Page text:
Twitter launched an ambitious new design on Wednesday, designed to keep tweeters and their followers on the site longer and entice advertisers to splash their cash on reaching the fast-growing number of Twitter fans.
Twitter said the new look would offer an "easier, faster and richer experience" by streaming searches and lists on the left of the screen and grouping together other features such as favourites, recently-followed feeds and trending topics on the other side. The new Twitter look will also make it easier for fans to view photos, videos and other media content.
The changes will be rolled out over the coming weeks and users will be able to toggle between the old and new looks.
"These changes will roll out as a preview over the next several weeks starting with a very small percentage of registered accounts tonight," the company said on its website Wednesday.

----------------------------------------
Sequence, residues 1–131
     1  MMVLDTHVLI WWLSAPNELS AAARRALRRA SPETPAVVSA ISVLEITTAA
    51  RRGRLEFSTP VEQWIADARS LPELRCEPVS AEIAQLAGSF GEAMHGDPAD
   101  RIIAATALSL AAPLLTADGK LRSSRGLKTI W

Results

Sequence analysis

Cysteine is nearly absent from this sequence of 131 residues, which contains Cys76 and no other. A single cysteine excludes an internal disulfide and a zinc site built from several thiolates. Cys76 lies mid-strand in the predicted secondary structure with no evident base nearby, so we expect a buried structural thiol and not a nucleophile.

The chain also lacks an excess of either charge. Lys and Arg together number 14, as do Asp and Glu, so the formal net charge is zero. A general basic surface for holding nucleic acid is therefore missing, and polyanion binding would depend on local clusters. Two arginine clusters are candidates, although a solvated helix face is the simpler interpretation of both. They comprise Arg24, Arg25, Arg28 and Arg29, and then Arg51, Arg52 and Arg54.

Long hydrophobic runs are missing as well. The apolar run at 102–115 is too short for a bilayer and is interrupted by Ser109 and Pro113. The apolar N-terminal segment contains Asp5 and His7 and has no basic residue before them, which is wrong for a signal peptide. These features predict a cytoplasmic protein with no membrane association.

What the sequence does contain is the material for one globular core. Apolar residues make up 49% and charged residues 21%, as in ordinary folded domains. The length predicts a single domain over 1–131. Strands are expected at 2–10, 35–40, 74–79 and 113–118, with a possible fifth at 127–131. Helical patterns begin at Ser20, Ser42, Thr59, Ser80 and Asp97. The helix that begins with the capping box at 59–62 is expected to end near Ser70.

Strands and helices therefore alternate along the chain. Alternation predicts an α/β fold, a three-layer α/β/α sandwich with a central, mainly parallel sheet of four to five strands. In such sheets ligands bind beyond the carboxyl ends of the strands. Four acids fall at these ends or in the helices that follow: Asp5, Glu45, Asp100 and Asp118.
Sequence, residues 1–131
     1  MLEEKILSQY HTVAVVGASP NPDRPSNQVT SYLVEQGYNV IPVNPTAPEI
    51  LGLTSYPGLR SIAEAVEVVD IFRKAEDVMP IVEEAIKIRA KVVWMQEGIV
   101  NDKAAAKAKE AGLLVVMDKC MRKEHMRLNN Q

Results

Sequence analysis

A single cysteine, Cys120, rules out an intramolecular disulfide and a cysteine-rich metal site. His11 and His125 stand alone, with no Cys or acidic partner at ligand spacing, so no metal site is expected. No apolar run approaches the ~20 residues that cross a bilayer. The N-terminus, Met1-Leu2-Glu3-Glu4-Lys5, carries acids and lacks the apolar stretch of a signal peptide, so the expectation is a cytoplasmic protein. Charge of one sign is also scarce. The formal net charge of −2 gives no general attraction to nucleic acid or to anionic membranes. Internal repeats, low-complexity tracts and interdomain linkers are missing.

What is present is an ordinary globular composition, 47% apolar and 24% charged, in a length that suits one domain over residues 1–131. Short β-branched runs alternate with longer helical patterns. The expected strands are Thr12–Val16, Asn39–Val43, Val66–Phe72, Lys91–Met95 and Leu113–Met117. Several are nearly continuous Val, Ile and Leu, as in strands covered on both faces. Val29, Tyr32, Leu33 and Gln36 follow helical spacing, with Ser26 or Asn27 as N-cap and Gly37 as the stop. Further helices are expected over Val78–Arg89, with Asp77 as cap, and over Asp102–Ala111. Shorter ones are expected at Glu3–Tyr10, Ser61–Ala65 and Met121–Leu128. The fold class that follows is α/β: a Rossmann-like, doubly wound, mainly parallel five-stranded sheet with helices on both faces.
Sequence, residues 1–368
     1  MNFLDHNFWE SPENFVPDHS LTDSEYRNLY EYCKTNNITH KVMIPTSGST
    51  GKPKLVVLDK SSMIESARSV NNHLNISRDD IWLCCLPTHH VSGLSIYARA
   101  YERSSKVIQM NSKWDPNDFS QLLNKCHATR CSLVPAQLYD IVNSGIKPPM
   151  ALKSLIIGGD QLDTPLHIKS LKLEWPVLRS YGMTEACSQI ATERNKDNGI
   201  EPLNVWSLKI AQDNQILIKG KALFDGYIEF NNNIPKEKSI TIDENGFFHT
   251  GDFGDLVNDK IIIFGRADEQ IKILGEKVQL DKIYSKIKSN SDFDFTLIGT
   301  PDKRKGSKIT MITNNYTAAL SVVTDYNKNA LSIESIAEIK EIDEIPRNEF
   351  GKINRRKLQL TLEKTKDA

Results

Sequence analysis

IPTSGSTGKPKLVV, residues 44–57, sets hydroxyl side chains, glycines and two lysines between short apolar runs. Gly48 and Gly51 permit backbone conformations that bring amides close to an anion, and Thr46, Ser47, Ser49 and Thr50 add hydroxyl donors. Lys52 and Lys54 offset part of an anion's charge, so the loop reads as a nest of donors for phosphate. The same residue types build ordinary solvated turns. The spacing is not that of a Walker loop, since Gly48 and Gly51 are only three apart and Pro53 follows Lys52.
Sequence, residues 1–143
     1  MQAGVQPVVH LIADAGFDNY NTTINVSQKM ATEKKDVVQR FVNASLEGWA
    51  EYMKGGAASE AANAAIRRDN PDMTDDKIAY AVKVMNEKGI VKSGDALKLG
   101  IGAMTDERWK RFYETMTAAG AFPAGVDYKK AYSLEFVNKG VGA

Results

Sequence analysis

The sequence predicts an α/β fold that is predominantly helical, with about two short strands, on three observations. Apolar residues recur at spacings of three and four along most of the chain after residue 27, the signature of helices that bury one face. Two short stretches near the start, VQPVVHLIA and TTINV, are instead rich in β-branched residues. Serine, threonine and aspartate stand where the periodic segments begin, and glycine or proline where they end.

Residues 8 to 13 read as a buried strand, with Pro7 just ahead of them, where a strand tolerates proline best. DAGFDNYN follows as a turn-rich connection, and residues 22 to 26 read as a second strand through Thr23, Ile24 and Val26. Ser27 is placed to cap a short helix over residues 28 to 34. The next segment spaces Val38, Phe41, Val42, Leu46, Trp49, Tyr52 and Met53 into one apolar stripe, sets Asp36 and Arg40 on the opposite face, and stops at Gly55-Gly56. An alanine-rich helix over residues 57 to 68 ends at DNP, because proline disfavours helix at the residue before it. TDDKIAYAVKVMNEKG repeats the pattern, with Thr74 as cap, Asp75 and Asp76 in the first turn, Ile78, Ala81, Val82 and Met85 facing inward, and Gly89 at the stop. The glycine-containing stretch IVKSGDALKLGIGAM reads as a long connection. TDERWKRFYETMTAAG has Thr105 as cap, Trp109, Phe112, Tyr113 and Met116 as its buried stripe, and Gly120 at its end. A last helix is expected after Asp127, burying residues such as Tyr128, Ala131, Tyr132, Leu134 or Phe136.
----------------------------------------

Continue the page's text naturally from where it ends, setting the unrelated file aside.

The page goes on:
Twitter announced the redesign in conjunction with a new advertising programme that it hopes will help the site to cash in on its surging popularity. The programme will allow advertisers to pay Twitter to feature in a section that is automatically customised for each user and which suggests accounts for them to follow.
Twitter already allows companies to purchase Promoted Tweets and Trends that show up as the top feed when people search for related words, and the new system should further improve the site's friendliness to marketers.
"We're definitely beyond the experimentation stage," said Dick Costolo, Twitter's chief operating officer at the Interactive Advertising Bureau's Mixx conference in New York. "We feel like we've cracked the code on a new kind of advertising - advertising that starts out as organic content."
According to the New York Times, Costolo said that Twitter now has 160 million users and is growing at the rate of 370,000 a day.
Costolo said that companies would soon start spending millions of dollars to reach these users.
"That day is right around the corner," he said. "Right now, there's a line out the door to advertise with us and spend significant dollars with us."